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Thread: Insulated Mitts

  1. #31
    Senior Member J.Dub's Avatar
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    Apr 2008
    Newtown, CT Avatar: 9,500' on Rainier
    have also had good success with the BD Mercury mitts. They served me well on Mt. Washington in Jan. '07 and an aborted Presi Traverse in Feb '07. I also concur with the other reply to bring both gloves and mitts, and I'd raise a pair of insulated liners.

    My hands -- and the rest of me, for that matter -- sweat A LOT when I'm on the move. For the Rockpile trip, I wore only thin polypro glove liners on the hike up the Tucks Ravine trail, since we were humping heavy winter packs and I was gripping trekking poles. I kept a pair of mitts/gloves attached to my wrists with idiot cords to pop my hands into during stops. I used the Mercury mitts and insulated gloves (older BD's with removable liners) on alternating days so as not to sweat out the liners too much. Once we got above treeline into the wind, and were moving more slowly without the big packs, I wore the insulated handgear whilst moving.

    Haven't used the Mercury's with ropes yet, but they have the advantage of a separate trigger finger, so they might work a bit better than the Alti's.

    Regarding cost, I was able to find my Mercury's online (new) for $50, so it pays to shop around. IMO, nobody should be paying full-boat retail for outdoor gear when there are so many places with discounts/sales going on.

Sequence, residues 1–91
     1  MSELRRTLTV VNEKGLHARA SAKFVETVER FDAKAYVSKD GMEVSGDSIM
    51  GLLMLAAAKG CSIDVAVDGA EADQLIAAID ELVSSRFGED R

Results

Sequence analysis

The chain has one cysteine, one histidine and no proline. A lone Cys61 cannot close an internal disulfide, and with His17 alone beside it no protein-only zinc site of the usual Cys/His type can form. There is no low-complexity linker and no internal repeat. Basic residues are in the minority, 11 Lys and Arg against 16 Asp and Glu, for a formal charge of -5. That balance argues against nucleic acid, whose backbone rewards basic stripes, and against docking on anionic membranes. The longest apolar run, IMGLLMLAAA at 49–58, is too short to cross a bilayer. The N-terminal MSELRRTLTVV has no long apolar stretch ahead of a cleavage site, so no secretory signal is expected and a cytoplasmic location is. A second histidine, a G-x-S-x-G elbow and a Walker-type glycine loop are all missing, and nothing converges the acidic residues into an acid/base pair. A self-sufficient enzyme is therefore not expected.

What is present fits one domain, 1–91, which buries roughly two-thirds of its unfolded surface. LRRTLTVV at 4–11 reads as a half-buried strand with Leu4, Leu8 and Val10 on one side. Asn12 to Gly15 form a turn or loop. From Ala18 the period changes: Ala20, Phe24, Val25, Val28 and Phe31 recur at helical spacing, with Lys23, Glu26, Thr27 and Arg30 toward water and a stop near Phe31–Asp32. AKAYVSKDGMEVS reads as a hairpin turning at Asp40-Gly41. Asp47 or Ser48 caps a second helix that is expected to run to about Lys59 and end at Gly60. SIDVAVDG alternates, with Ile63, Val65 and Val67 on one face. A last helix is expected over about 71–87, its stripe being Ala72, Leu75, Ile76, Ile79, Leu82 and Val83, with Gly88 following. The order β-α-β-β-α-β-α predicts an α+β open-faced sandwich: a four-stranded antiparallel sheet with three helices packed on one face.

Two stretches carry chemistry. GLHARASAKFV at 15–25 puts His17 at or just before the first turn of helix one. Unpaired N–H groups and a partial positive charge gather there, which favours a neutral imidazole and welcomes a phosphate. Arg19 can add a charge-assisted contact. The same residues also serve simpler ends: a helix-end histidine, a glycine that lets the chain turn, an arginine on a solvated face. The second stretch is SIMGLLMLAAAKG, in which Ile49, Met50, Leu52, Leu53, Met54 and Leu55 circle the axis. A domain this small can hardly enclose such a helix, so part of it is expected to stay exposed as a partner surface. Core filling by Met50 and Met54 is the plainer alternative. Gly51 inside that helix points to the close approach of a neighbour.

"Do not taunt Happy Fun Ball."

    ADK46: 25/46 W5
    NH48: 26/48 W8

  2. #32
    Senior Member B the Hiker's Avatar
    Join Date
    Jan 2008
    Middlefield, CT
    So after all of the comments, I grudgingly decided to take the advice of many folks and go for the OR Alti mitts. I have large hands, but with a thin pair of polypro liners and the shag wool mittens as an additional insulating layer, I really had to struggle to get my hands into a Large pair, so I went Extra Large.

    I have to say, they are stunningly warm! They also have quite long snow guards that extend far below the gloves and are wide enough to fit over all my layers and big down jacket I wear over them when I stop, which is a very nice feature. The upshot, of course, is that these things are huge. Very bulky, although they are still quite light.

    I would say that for most folks, if you're hiking in the Whites, they are almost certainly more glove than you need. Gloves half the price can probably do the trick perfectly fine. I've found myself hiking with a pair of shells I bought at EMS, and then putting on the Alti's for rest stops and summits in the wind, with them being too warm to do almost any activity in them. But if you consistently have cold hands, or you're planning to do some climbing at altitude, or heck, you have the coin, you'll be very happy with the Alti's.

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